In camp one, the logic is that as a beginning company, you need as much feedback as possible — any users are good users, as they’ll tell you what should change about the app and, one assumes, help spread the word. Camp two, always have a free plan available, has similar beliefs as far as feedback and word of mouth. The potential downsides are that:
Another problem that’s specific to the “free plan at first, then later switch everyone to paid plans” strategy is the “penny gap.” This is the name for the psychological phenomenon where people will have the most resistance to switching from paying nothing to paying $5, compared to switching from paying $10 to paying $50. In other words, once you make the decision to spend money, it’s a lot easier to make the decision to spend more money...but getting to that decision to spend money can be difficult.
That’s not to say that there aren’t companies making the freemium plan work. Groove, already highlighted above, is one example. Evernote is another, although it’s worth noting that Evernote exists in both the B2B and B2C space. In a B2B space, having a free plan is going to be viewed differently (possibly giving your company less legitimacy) than in the B2C space, where people take more convincing to hand over their money.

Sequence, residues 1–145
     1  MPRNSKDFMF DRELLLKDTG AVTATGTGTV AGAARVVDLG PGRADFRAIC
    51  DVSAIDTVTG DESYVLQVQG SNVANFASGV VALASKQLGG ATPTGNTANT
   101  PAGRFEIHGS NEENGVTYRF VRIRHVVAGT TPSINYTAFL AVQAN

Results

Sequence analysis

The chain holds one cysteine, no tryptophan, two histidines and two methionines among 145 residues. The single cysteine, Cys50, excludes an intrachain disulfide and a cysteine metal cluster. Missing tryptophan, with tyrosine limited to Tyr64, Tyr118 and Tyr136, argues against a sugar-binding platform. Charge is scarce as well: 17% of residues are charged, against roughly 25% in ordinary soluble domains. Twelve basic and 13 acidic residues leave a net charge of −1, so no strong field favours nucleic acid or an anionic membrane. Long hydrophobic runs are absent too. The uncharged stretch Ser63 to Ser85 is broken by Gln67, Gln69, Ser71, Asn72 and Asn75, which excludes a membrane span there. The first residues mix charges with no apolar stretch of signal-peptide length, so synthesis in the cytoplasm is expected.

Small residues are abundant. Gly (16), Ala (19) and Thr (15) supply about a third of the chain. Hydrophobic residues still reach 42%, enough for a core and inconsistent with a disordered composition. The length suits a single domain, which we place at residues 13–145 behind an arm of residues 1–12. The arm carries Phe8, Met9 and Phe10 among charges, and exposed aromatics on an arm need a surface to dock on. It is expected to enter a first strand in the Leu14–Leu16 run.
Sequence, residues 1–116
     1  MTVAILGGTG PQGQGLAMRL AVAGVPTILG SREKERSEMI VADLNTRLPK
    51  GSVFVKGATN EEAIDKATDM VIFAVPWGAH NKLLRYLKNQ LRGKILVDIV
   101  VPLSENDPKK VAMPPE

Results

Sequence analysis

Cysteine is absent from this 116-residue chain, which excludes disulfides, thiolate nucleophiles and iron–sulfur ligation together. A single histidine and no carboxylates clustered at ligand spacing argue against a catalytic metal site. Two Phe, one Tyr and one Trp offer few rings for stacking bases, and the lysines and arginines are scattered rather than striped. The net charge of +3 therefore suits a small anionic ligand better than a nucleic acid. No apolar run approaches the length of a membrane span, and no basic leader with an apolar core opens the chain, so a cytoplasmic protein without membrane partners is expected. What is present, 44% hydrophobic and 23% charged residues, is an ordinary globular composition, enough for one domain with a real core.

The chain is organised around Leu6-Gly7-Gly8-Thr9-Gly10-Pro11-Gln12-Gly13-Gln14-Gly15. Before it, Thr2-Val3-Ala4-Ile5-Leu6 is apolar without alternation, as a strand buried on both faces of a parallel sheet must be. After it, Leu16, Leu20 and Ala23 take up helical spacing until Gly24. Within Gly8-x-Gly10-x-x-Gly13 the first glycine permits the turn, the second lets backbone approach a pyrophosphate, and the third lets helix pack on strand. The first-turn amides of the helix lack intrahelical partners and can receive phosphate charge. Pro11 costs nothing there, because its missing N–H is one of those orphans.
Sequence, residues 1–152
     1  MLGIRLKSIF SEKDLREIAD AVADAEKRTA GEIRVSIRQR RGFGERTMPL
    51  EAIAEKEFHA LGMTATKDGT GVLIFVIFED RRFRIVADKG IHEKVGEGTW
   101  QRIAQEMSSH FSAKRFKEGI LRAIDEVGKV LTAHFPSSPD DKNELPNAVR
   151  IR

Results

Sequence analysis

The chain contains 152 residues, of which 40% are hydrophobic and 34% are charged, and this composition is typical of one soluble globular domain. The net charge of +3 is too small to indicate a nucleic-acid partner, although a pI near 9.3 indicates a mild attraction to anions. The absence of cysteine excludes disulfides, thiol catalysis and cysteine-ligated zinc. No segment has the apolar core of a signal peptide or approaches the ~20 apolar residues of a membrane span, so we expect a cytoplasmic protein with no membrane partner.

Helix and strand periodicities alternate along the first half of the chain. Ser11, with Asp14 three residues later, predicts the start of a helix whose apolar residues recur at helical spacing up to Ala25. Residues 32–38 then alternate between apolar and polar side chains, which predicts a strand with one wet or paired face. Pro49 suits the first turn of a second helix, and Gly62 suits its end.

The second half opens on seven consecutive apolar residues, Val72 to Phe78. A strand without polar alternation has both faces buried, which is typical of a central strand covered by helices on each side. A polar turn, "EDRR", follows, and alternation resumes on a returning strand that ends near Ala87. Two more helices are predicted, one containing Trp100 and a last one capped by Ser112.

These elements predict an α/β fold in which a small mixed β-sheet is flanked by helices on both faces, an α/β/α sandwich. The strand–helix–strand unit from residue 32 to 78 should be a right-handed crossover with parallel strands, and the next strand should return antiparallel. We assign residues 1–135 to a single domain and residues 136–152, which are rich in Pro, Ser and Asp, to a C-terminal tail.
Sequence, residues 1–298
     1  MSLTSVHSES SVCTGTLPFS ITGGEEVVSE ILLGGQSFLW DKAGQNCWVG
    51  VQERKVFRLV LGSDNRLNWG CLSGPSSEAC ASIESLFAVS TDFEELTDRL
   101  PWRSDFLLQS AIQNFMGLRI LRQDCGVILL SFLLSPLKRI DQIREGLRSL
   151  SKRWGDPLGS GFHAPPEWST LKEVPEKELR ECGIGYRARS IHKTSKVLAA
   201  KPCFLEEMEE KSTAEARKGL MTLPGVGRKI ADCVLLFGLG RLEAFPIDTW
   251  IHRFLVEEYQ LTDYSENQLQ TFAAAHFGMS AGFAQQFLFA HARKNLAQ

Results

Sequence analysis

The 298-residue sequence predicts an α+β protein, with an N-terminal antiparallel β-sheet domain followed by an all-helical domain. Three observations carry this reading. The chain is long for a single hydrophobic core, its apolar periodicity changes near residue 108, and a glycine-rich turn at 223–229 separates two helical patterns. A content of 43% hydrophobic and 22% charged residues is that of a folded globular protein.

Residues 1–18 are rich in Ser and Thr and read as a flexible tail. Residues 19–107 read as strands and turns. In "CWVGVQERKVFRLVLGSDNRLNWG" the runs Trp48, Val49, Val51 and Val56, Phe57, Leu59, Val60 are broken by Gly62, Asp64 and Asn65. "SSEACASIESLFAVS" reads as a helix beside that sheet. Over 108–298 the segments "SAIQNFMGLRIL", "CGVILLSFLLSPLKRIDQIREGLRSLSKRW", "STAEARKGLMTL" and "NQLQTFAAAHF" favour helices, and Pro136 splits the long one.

The last thing to note is that if you are relying on a free trial, or free-to-upgrade strategy, your onboarding process needs to be stellar. It should make users feel oriented in your product and see the value that it provides as quickly as possible. Covering all of the points of good onboarding deserves an article all on its own, but the UserOnboard teardowns are a great resource, as is this article at Intercom.
If you’re thirsty for more resources, these will keep you busy for a while:
And if you have any questions or need some hands-on help building your SaaS site, you can always get in touch with us.
Landing pages make it possible for SaaS companies to generate a series of tailored marketing messages targeted to specific industries or interests.